‘Jenkins Activity Survey’ (1967) was adapted by A. Goshtaus, V. Yadov, and Yu. Semenov (1972-1976). The test is used for diagnostics of the type A personality.
‘Rosenzweig Picture-Frustration Study’ (1945). There are several modifications and adaptations (N. V. Tarabrina, 1971; K. D. Shafranskaya, 1976). The test is widely used in research and clinical psychodiagnostics.
‘State-Trait Anxiety Inventory’ (Spielberger, 1983) was adapted by Yu. L. Khanin in cooperation with the author of the test (1980).
‘Michigan Alcoholism Screening Test’ (Selzer, 1971) was modified and standardized by A. E. Bobrov and A. N. Shurigin (1985). The test is designed for early diagnostics of pathological dependence on alcohol.
‘Lüscher Farbwahl Test’ (Lüscher, 1948). There were several attempts at adapting the test. The psychometric data are highly controversial (N. N. Pukhovsky, 1995).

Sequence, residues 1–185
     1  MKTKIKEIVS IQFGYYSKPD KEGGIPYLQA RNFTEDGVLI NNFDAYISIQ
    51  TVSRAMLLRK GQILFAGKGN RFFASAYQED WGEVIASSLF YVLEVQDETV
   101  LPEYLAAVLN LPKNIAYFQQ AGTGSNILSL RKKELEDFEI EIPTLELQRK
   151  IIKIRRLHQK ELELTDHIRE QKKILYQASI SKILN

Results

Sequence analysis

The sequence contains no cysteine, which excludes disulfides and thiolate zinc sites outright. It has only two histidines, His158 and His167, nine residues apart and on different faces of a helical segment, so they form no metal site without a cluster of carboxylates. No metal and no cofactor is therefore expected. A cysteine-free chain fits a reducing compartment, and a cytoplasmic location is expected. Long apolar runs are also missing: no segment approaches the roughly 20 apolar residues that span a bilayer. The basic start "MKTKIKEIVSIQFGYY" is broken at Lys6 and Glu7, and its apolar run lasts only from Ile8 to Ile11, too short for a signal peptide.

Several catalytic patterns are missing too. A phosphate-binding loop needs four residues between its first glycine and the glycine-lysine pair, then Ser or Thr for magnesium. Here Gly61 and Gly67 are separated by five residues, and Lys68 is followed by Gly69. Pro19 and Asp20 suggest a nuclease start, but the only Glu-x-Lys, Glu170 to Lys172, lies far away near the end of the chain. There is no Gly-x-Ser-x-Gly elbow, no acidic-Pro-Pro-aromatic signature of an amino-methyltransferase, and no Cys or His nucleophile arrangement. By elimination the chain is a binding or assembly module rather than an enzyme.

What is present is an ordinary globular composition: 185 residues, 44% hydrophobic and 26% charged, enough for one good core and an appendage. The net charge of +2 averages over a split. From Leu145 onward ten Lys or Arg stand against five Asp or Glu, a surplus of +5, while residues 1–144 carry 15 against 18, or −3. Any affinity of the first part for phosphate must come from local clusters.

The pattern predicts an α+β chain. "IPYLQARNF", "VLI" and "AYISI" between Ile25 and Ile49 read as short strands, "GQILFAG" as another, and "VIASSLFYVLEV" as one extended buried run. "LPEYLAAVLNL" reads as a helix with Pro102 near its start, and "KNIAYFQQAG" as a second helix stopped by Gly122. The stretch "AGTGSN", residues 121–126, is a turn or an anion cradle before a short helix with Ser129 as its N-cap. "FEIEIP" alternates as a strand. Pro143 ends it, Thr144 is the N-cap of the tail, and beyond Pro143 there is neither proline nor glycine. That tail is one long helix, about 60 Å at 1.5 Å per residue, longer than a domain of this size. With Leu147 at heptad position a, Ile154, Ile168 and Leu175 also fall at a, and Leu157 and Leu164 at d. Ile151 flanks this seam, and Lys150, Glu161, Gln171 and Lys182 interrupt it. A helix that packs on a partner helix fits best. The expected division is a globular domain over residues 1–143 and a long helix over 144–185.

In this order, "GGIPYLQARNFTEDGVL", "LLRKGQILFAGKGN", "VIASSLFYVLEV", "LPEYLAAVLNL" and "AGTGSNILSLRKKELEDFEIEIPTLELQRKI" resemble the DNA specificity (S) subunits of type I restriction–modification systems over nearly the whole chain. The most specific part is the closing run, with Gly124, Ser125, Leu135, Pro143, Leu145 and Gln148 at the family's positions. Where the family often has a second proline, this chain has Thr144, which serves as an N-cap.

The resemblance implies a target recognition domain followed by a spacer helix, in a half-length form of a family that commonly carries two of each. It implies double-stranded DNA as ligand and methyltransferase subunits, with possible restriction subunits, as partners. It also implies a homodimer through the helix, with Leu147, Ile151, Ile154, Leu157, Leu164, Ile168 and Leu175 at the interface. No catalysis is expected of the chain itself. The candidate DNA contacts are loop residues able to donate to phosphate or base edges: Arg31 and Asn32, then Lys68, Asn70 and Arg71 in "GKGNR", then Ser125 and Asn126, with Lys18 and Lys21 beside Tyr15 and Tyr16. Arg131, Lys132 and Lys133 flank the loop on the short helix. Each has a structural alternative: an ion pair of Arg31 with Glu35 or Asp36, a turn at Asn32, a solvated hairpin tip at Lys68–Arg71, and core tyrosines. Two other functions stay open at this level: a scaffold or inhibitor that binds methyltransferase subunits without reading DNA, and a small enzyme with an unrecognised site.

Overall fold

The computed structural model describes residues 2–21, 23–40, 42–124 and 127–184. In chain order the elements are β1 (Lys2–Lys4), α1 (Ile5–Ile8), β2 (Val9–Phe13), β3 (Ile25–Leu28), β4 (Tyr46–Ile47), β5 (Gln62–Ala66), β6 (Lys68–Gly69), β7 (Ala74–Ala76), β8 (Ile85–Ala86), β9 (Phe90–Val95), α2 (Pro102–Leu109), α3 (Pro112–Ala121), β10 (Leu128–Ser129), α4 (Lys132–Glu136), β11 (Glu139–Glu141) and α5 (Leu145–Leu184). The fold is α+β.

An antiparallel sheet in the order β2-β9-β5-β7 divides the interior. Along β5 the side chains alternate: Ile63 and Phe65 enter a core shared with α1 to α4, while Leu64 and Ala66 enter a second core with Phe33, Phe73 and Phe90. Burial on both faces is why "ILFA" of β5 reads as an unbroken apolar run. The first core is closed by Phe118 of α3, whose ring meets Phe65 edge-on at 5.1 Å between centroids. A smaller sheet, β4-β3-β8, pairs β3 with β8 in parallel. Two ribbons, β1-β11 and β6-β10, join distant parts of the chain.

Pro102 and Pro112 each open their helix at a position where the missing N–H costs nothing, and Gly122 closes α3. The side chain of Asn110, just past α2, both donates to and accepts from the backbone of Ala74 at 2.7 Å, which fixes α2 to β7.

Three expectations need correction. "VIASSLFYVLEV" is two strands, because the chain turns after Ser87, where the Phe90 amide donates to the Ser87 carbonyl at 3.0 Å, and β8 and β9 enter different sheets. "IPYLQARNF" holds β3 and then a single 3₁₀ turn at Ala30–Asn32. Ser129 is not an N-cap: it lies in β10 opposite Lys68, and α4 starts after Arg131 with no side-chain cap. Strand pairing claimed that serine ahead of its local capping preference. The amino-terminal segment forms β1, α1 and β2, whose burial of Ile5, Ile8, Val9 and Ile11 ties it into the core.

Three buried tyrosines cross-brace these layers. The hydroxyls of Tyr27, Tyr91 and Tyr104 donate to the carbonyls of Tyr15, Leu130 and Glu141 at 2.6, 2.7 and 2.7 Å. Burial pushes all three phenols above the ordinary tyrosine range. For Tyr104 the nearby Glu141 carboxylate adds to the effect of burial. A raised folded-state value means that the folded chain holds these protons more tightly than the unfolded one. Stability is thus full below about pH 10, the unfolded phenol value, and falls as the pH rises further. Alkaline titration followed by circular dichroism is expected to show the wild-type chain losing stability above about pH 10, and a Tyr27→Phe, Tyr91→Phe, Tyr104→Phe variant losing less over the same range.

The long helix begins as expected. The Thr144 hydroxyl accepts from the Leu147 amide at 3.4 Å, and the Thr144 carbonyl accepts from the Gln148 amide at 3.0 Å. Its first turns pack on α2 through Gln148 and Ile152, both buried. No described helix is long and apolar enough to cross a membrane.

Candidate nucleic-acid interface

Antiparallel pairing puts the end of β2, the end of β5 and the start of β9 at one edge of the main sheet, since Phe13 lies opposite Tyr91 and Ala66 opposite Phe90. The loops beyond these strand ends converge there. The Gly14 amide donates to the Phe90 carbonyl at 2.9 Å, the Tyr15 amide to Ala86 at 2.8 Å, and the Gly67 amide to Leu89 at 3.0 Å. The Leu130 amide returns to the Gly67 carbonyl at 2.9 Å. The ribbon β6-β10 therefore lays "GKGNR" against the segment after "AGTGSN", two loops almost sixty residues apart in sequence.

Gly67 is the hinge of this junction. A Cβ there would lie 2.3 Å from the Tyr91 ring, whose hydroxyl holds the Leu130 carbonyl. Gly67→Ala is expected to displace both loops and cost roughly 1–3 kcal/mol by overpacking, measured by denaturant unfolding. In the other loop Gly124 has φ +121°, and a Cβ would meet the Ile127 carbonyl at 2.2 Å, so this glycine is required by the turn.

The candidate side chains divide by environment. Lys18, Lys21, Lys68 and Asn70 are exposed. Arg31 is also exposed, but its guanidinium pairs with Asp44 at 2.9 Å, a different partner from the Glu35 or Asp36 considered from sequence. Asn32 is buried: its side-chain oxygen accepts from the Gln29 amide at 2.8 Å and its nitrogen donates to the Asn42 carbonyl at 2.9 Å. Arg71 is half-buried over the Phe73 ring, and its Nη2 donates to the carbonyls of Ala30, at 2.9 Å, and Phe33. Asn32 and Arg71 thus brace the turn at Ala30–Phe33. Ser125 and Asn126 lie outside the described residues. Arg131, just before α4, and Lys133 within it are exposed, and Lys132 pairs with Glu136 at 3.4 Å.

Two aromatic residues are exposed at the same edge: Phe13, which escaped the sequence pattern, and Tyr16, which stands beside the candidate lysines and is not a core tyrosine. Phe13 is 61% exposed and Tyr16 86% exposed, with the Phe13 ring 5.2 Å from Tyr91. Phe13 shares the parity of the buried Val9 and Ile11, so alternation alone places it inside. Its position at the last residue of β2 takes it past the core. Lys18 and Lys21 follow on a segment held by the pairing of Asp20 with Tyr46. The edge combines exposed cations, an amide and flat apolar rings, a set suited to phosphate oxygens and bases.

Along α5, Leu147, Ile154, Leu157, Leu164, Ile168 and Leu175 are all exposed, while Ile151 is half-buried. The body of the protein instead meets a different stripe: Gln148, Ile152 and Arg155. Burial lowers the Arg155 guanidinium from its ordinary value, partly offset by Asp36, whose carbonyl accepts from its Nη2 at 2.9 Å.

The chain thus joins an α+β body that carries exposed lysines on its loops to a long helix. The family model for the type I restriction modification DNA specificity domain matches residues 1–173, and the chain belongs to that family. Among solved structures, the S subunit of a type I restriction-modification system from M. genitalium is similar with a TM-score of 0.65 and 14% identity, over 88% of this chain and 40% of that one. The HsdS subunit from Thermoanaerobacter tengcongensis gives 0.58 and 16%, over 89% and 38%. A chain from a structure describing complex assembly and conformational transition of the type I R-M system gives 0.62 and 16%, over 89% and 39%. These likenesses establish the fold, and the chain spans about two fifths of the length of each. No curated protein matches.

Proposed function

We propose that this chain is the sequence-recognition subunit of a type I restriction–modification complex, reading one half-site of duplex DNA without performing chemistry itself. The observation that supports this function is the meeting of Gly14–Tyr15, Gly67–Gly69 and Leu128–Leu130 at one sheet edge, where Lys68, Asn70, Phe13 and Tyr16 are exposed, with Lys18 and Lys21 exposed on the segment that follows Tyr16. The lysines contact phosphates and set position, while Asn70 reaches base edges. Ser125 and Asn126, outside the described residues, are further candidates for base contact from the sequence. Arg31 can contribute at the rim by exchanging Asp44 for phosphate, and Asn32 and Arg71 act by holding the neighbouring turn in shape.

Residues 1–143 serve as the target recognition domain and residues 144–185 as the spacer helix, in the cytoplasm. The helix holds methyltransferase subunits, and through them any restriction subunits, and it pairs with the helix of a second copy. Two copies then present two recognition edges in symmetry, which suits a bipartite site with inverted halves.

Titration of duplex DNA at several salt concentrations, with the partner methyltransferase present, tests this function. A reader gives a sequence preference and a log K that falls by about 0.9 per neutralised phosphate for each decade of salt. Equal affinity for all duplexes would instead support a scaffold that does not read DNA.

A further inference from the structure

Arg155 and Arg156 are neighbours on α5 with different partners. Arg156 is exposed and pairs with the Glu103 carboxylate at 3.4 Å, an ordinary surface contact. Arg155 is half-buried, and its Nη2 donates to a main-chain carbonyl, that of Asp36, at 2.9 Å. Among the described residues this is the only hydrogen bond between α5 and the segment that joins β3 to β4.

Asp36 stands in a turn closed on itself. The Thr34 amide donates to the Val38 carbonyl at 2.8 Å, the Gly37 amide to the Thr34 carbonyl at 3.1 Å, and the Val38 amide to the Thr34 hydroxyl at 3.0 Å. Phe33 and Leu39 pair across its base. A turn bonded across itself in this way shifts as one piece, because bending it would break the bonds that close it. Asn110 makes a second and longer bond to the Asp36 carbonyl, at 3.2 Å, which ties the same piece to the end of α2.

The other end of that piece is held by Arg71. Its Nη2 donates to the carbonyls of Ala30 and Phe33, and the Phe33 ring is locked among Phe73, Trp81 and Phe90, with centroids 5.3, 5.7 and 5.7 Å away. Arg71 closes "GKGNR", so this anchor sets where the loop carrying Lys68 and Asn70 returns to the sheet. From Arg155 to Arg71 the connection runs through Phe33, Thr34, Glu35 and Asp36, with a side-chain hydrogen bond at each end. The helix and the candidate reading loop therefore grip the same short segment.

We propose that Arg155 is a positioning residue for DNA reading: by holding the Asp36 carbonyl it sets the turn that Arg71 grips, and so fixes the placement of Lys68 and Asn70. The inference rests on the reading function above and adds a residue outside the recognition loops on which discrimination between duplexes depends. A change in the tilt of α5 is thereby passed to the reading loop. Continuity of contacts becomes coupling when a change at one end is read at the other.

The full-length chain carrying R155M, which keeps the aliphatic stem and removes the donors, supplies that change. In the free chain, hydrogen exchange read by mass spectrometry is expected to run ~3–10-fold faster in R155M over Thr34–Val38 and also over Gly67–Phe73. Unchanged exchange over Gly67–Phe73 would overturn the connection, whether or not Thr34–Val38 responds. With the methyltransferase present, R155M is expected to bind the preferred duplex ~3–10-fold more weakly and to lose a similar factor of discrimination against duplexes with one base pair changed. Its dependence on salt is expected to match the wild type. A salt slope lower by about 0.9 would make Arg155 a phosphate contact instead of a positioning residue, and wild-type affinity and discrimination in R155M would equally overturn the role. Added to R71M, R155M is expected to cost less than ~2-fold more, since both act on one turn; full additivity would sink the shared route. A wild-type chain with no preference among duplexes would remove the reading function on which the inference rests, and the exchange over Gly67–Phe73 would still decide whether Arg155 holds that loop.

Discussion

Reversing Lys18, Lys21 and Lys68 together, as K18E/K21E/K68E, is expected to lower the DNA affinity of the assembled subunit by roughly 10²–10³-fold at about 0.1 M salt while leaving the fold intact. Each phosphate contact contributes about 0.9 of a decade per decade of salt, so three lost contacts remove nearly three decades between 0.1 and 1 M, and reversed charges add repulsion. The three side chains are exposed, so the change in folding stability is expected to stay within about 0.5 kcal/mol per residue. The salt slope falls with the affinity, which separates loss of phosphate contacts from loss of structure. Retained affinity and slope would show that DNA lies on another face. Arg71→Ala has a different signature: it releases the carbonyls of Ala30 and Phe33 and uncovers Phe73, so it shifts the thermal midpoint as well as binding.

Personality, Level C
‘Sixteen Personality Factors Questionnaire’ (Cattell, Cattell, & Cattell, 1994). There were several attempts of modification and adaptation of the test (Yu. M. Zabrodin and others, 1987; Vm. Roussalov, O. V. Guseva, 1990). Only half of the factors are homogeneous on the Russian population. The test is widely used in research, professional selection and in clinical settings.
‘Eysenck Personality Inventory’ (1963). There are several attempts at adapting the test (I. N. Gilyasheva, 1963; A. G. Shmelev, Pokhilko, 1985; V. M. Roussalov, 1987). The adaptation process is not yet finished. The test is designed for measuring two personality scales: extraversion—introversion and emotional stability—neuroticism. ‘Psychotism-Extraversion—Neuroticism’ (Eys-enck & Eysenck, 1968). The test was translated into Russian by an unknown author. The test is widely used, though the psychometric data are not available (Kirsheva & Ryubchikova, 1995). ‘Bell Adjustment Inventory’ (1938). The translation was done by A. A. Rukavishnikov and M. V. Sokolov (1991). The test measures the level of difficulties of adjustment of a person to various spheres of life.